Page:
UCLA Fielding School researchers find California's Latinos suffer high mortality rates

David Hayes-Bautista & Paul Hsu found that Latino Californians suffer significantly higher COVID-19 pandemic-related deaths than non-Hispanic whites.

The first year of Latino COVID-19 deaths: Why should anyone care?

UCLA researchers have found that during its first year, the coronavirus has ravaged Latino families and communities in California and other states far more seriously than it has non-Latino populations, with a consequent impact on the U.S. economy.

Latinos make up 39.3% of California’s population (15.5 million people), yet they constitute a far larger percentage (48.5%) of all COVID-19‒related deaths in the state. In contrast, non-Hispanic whites make up 36.6% of California’s population (14.5 million people), but have accounted for only 30.4% of all the state’s COVID-19 deaths.


Latino and non-Hispanic white COVID-19-related mortality in California.

“Farm workers, meatpacking workers, grocery store clerks, and nursing home attendants are also essential workers,” said Paul Hsu, UCLA Fielding School of Public Health assistant professor of epidemiology, who co-wrote the report "The First Year of Latino COVID-19 Deaths: Why Should Anyone Care?"  “But as they worked shoulder to shoulder in the fields or checked out customers’ shopping carts, they were not provided personal protective gear until late in the pandemic. With more exposure to the coronavirus, coupled with less access to care, Latino essential workers have had higher case rates, and now have higher death rates.”

The authors note that by 2018, the 60 million Latinos living in the U.S. had created the equivalent of the world’s eighth-largest GDP: $2.6 trillion in size, larger than the GDPs of Italy, Brazil, South Korea, or Russia. The U.S. Latino GDP ranks comfortably in the top ten GDPs of the world.

This U.S. Latino GDP has been growing impressively for nearly a decade. From 2010 to 2018, the U.S. Latino GDP had an annual growth rate of 3.3%, while the non-Latino portion of the U.S. GDP had a weaker growth rate, at 2.1%

“It comes as a surprise to many that the 60 million Latinos in the U.S. have created the eighth-largest economy in the world,” said David E. Hayes-Bautista, UCLA Fielding School of Public Health professor of health policy and management and professor of medicine at the UCLA David Geffen School of Medicine. “What is more surprising is that the U.S. Latino GDP has been growing nearly 60% faster than the overall U.S. GDP since 2010. The U.S. Latino GDP is the brightest spot in the nation’s economy.”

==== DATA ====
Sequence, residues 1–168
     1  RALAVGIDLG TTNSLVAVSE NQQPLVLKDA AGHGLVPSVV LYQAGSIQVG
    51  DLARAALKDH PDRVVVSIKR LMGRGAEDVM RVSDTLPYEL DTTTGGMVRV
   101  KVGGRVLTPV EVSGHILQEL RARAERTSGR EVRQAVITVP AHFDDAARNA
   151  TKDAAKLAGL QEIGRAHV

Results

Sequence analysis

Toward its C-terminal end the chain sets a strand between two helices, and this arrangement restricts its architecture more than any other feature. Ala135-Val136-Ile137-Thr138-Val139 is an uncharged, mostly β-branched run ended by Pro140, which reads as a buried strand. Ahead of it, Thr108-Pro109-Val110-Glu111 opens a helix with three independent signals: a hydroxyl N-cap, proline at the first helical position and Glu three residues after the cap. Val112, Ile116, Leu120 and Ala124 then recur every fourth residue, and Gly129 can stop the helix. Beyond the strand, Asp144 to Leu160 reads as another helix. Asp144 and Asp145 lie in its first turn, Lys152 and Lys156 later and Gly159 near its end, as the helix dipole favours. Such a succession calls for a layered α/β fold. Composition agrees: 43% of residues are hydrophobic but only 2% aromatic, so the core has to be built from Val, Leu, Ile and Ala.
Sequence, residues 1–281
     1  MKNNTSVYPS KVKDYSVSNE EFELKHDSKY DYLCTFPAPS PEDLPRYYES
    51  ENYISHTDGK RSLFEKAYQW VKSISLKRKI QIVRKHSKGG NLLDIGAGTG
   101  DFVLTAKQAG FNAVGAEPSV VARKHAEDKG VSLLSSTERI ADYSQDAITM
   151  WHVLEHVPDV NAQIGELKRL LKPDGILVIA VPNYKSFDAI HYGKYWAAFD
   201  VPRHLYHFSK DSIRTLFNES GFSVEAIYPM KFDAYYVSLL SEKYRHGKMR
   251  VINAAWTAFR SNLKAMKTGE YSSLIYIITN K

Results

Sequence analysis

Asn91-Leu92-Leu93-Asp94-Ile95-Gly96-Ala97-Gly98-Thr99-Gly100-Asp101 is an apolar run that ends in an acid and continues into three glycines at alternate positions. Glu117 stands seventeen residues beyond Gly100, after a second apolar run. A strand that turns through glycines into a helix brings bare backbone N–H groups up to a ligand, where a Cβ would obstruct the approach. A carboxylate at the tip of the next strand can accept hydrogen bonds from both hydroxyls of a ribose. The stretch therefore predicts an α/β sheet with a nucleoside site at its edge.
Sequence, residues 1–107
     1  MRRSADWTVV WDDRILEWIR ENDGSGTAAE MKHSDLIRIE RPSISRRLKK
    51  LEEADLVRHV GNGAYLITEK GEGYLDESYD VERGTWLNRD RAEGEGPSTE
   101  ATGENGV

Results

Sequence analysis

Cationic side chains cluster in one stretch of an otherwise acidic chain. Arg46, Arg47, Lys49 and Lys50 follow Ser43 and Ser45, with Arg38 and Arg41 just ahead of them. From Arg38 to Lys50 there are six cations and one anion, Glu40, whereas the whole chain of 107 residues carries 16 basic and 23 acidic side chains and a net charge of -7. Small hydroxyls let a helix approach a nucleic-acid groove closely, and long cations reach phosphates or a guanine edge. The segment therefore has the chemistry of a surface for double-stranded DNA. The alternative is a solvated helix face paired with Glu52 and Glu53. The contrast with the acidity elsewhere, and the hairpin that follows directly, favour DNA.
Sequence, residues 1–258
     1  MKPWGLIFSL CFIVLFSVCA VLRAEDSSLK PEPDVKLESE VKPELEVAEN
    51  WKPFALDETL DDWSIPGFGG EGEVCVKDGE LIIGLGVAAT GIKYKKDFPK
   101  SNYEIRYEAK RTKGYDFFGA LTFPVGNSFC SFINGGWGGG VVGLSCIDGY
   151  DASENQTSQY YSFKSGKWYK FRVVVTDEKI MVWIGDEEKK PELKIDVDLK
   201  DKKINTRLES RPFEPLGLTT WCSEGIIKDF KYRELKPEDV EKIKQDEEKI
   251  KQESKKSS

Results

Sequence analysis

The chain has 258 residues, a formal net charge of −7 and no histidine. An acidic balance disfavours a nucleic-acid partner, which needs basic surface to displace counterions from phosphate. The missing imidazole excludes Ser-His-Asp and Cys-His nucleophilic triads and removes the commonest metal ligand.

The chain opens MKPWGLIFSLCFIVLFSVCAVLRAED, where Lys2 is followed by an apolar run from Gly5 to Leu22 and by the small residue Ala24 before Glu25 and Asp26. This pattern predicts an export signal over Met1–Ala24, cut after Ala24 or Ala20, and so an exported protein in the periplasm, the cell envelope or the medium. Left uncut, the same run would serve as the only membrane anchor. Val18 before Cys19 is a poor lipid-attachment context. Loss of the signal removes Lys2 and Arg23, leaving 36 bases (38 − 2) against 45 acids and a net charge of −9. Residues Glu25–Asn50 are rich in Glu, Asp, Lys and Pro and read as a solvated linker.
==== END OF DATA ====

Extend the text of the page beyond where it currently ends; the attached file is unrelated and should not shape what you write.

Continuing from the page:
Hard work, strong families, self-sufficiency, business friendliness, healthy behaviors, patriotism: these values drove Latino adults during the 1990s and early 2000s to lay the foundations of what became the world’s eighth-largest economy by 2018, Hayes-Bautista said.

“The strong Latino work ethic is seen in the fact that Latino households have more wage- earners than non-Hispanic white households,” he said. ”However, when they have to work more exposed to the coronavirus than white-collar workers, when they are paid very little for their hard work, when they are less likely to be offered health insurance, when they are less likely to find a doctor who can speak Spanish, it is no wonder that working-age Latinos have higher case rates and death rates than the general population.”

When the U.S. economy is growing rapidly, nearly everyone benefits. But when the economic growth rate is anemic—or even worse, negative—nearly everyone suffers. The U.S. Latino GDP is currently the most productive sector for a strong overall U.S. GDP growth. Because COVID-19 is disproportionately killing Latino workers in their most productive years, everyone should care about COVID-19’s effects on the Latino population.

“The U.S. Latino GDP has the potential to power the nation’s economy out of the pandemic. But every working-age Latino who dies due to COVID-19 is one less contributor to the country’s economic future,” Hayes-Bautista said.


Data on COVID-19 deaths, stratified by race/ethnicity and by age group, were furnished by the California Department of Public Health (CDPH). As of November 29, 2020, out of 19,220 total deaths, 173 (1%) were missing racial/ethnic information and therefore were excluded from this analysis. Population denominators to calculate the rate of cases per 100,000 were tabulated from the 2018 American Community Survey (ACS).

The UCLA Fielding School of Public Health, founded in 1961, is dedicated to enhancing the public's health by conducting innovative research, training future leaders and health professionals from diverse backgrounds, translating research into policy and practice, and serving our local communities and the communities of the nation and the world. The school has 631 students from 26 nations engaged in carrying out the vision of building healthy futures in greater Los Angeles, California, the nation and the world.
Attachment: CESLAC Report No. 11

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